The month of May includes a couple of very special holidays that my family looks forward to celebrating: Mother’s Day and Memorial Day. Mother’s Day is a holiday where you would expect to be pampered, spoiled, and celebrated — however, for a military wife, that isn’t always possible.
When you are in the military, Mother’s Day is one of those days that you cherish any type of recognition because you aren’t sure what the next year will bring. Add a child with special needs into the picture and you will feel even more honored and celebrated when you husband is home for Mother’s Day, and you can have some time to just relax and be your own individual for a while. I can’t even tell you how many Mother’s Days, (out of the eight that I have been a mother) that my husband hasn’t been home to help me celebrate. In fact, last year he was away and I did the unthinkable for a mother with a child with autism and a two-year-old — I took the boys to Disney World myself! Yes, we had some good moments, and yes, we had some bad moments, and yes, we left early (right in the middle of lunch to be exact) but I wouldn’t have changed it for the world. I got to spend quality time with my children in the most magical place, and watch them enjoy moments that they will cherish forever. If you are home alone with the kids next year on Mother’s Day, make sure to do something, anything, even if only for a short time, and capture some memories.
Getting back to military life, military wives are a special species; they stand beside their husband through deployments, duty station changes, temporary duty assignments, promotions, recognitions, and endless hours working overtime at the office. A military wife isn’t given a guidebook when they marry into the service, but rather a warm welcome from fellow spouses and most likely a schedule of events that she is encouraged to attend. I would like to extend a great big “thank you” to all the military wives out there, the ones who were able to celebrate this past Mother’s Day with their entire families, and especially those who were alone with the children while their husband is gone, defending our freedom.
Memorial Day is a day that is celebrated on the last Monday of May each year. It is a day that we take time to remember all of the United States Service Members who have given their lives while serving this great nation. The graves of military members are decorated with flowers and flags, and people travel near and far to pay their respects to those who have given all. Memorial Day brings about foot races, auto races, parades, golf tournaments, and family BBQs. Although Memorial Day is a day in which we honor those who have passed, it also helps us to celebrate the families who have been left behind.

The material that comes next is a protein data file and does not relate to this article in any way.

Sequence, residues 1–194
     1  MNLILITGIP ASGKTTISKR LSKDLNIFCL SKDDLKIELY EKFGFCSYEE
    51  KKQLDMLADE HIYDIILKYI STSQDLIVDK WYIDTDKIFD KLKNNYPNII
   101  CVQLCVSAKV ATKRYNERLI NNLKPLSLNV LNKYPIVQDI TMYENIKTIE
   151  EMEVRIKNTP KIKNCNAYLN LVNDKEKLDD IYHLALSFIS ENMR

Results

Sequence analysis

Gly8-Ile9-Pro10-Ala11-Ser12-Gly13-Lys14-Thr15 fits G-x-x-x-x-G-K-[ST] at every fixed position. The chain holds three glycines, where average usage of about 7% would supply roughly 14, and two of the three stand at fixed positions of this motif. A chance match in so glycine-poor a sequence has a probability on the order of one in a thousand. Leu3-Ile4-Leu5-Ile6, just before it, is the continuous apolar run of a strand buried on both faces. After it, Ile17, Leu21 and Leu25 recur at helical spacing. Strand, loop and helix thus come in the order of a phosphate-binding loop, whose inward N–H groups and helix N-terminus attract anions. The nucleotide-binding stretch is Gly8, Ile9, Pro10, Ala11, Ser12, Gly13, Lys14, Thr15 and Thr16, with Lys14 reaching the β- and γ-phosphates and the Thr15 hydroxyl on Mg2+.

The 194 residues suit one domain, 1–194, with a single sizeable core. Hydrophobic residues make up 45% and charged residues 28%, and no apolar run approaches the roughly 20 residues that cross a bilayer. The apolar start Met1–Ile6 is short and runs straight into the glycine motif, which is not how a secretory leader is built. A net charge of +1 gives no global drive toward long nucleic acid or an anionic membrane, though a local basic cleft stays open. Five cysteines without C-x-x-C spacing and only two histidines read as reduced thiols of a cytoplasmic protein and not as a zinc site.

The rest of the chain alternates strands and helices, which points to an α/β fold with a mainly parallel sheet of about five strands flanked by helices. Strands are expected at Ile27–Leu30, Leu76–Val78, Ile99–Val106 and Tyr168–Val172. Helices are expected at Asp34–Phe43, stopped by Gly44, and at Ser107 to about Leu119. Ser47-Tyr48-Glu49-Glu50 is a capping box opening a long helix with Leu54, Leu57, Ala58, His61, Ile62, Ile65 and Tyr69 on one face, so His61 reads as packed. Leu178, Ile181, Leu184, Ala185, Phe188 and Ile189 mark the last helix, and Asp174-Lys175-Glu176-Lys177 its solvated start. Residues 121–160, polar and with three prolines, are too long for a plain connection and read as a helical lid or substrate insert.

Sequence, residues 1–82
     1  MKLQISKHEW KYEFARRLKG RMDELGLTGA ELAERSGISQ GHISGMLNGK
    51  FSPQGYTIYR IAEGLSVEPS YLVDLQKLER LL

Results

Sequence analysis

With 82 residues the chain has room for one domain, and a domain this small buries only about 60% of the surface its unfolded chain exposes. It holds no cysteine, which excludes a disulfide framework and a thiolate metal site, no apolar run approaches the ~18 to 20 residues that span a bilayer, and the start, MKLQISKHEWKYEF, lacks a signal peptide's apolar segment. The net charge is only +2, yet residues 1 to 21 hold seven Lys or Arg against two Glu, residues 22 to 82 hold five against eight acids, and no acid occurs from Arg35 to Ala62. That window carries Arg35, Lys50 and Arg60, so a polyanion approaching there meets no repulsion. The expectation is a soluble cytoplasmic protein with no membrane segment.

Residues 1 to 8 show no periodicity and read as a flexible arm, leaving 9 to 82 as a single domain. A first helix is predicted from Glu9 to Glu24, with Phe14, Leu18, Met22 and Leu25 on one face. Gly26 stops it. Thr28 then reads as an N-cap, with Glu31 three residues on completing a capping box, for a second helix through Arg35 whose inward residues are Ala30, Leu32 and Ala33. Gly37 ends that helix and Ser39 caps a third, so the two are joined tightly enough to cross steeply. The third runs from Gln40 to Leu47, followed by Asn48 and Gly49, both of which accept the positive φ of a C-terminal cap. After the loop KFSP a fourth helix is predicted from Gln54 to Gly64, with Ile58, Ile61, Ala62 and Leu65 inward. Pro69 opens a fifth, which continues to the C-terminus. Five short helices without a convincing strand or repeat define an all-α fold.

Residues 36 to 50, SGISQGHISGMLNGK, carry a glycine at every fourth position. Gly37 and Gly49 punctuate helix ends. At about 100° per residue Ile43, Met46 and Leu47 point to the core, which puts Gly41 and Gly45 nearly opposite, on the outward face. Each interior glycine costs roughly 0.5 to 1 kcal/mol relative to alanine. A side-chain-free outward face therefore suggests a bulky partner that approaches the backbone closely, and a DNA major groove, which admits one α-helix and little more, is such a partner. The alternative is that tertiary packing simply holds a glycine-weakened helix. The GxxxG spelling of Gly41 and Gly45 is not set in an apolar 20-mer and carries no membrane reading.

The month of May is very special to me — my youngest son was born in May, I was born in May, and now I am celebrated each May on Mother’s Day. Mother’s Day is very special to me, not only because I am a mother, but because it is a day that reminds me of everything that I have done, and everything that I am willing to do for my child with autism. This year Jaxon worked so hard to give me an extra special Mother’s Day, and it brought tears to my eyes to realize how thankful he is that I am his mother.
With Memorial Day just around the corner, I feel like this will be the year that we are able to explain the significance of this day to Jaxon, and he will finally understand what his daddy does every day, and why his job is so important. I feel like Jaxon will now be able to look at all the men and women wearing a uniform with respect and honor, and have a true understanding of what respect and honor mean, a few years ago, before his biomedical treatment, this wouldn’t have been possible. Memorial Day will move forward in our family with a meaning behind it, a day that is important for a reason, not just a day to get together with daddy’s friends and have “yummy BBQ.”
A big thank you to each and every military family out there, and a big shout out to those of you who are raising a child with autism! I hope you are able to grill up some hamburgers and hot dogs and point out those special men and women in uniform to your special needs children, and tell them just how much they do for our country.
My name is Dr. Jill Tschikof, I am the mother of two, and a military spouse. We have had struggles and successes raising a child with autism while serving in the military and I hope that my future stories will act as a form of guidance for others navigating this same path. You can find my personal blog at www.autismdeal.com. I hope that you will email me if you have any questions.